In 2000, 815,000 people lost their lives to suicide
— more than double the number of people who die as a direct result of armed conflict every year (306,600). There is a “global” mortality rate of 16 per 100,000. In the last 45 years suicide rates have increased by 60% worldwide
. Globally, one person dies from suicide every 40 seconds.
CANADA: There were 3,926 deaths by suicide in Canada (2012). 2,971 were male. 954 were female. Men aged 40-59 had the highest number of suicides. In Canada with 1305, followed by males aged 20-39 with 863. Suicide accounts for 24% of all deaths among 15-24 year olds.
FNMI: Aboriginal people in Canada have some of the highest suicide rates in the world, but this is not true for all Aboriginal peoples. There are also many communities that have very low rates of suicide. The suicide rate for First Nations male youth (age 15-24) is 126 per 100,000 compared to 24 per 100,000 for non-Aboriginal male youth. For First Nations females, the suicide rate is 35 per 100,000 compared to 5 per 100,000 for non-Aboriginal females (Health Canada, 2010). Suicide rates for Inuit youth are among the highest in the world, at 11 times the national average. Learn more at the Aboriginal Resource Toolkit.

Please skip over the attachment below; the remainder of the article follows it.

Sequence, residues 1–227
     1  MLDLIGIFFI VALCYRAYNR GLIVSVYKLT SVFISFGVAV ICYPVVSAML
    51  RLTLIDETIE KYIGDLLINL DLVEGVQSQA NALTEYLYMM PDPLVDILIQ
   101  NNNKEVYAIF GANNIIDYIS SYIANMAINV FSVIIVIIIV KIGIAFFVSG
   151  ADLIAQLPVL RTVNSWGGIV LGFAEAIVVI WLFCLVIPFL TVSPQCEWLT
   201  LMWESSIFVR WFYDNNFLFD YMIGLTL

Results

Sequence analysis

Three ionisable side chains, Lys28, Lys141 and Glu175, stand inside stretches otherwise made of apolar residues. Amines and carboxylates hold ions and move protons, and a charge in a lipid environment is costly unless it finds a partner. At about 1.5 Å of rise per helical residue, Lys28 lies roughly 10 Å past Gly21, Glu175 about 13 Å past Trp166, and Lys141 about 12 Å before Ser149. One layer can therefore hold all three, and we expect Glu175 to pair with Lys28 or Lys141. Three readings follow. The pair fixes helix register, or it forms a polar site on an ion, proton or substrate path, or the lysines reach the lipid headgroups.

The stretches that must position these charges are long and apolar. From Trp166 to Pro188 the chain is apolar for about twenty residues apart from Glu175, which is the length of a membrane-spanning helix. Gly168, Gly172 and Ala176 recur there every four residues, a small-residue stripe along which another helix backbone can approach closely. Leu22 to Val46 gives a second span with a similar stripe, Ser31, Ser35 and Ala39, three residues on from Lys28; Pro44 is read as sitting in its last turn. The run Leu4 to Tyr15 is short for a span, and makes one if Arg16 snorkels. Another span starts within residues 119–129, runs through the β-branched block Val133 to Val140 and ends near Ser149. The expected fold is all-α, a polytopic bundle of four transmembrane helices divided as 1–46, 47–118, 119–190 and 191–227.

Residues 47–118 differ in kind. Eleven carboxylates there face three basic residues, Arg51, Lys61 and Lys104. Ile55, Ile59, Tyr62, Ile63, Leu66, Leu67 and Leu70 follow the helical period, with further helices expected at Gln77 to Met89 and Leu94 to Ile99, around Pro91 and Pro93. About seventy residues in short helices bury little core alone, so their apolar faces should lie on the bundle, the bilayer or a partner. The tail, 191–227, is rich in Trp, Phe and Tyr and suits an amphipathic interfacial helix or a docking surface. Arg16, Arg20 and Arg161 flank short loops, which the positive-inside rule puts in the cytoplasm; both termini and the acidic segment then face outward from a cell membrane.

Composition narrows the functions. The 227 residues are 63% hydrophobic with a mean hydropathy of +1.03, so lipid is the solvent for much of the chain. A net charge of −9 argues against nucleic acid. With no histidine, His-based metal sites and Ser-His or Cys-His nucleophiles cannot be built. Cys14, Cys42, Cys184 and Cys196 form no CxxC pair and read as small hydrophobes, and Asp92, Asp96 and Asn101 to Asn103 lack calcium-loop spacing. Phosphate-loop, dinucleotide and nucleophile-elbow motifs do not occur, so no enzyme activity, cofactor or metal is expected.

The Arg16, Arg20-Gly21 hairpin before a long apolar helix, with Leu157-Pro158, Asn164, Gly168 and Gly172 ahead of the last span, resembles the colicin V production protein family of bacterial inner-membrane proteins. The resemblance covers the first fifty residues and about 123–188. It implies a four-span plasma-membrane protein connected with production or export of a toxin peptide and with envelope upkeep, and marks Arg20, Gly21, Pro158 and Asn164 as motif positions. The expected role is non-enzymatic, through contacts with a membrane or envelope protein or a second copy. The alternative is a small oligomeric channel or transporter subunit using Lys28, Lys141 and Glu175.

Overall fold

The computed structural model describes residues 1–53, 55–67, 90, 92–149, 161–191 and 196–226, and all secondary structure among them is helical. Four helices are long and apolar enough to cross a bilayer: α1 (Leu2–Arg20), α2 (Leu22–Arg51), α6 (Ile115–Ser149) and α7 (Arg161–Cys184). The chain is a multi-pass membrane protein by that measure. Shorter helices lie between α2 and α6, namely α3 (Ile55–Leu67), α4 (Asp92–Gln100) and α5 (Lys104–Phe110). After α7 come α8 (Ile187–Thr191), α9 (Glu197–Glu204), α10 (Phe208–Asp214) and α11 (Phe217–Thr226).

ALBERTA: In 2014, in Alberta, there were 547 suicidal deaths; however, projections for 2015 had the number at more than 650. Men aged 40-59 had the highest number of suicides in Alberta with 154, followed by males aged 20-39 with 131.
UNIVERSITY OF ALBERTA: In the 2013 National College Health Assessment, it was found that 8.5% of UofA students considered suicide in the 12 months the study covered and 1.4% attempted suicide (which is 546 students).
NOTE: Data on suicide is limited. Many potential suicides are not reported as such, but as accidental deaths. Also, gender is only captured as male or female with no allowances for additional genders.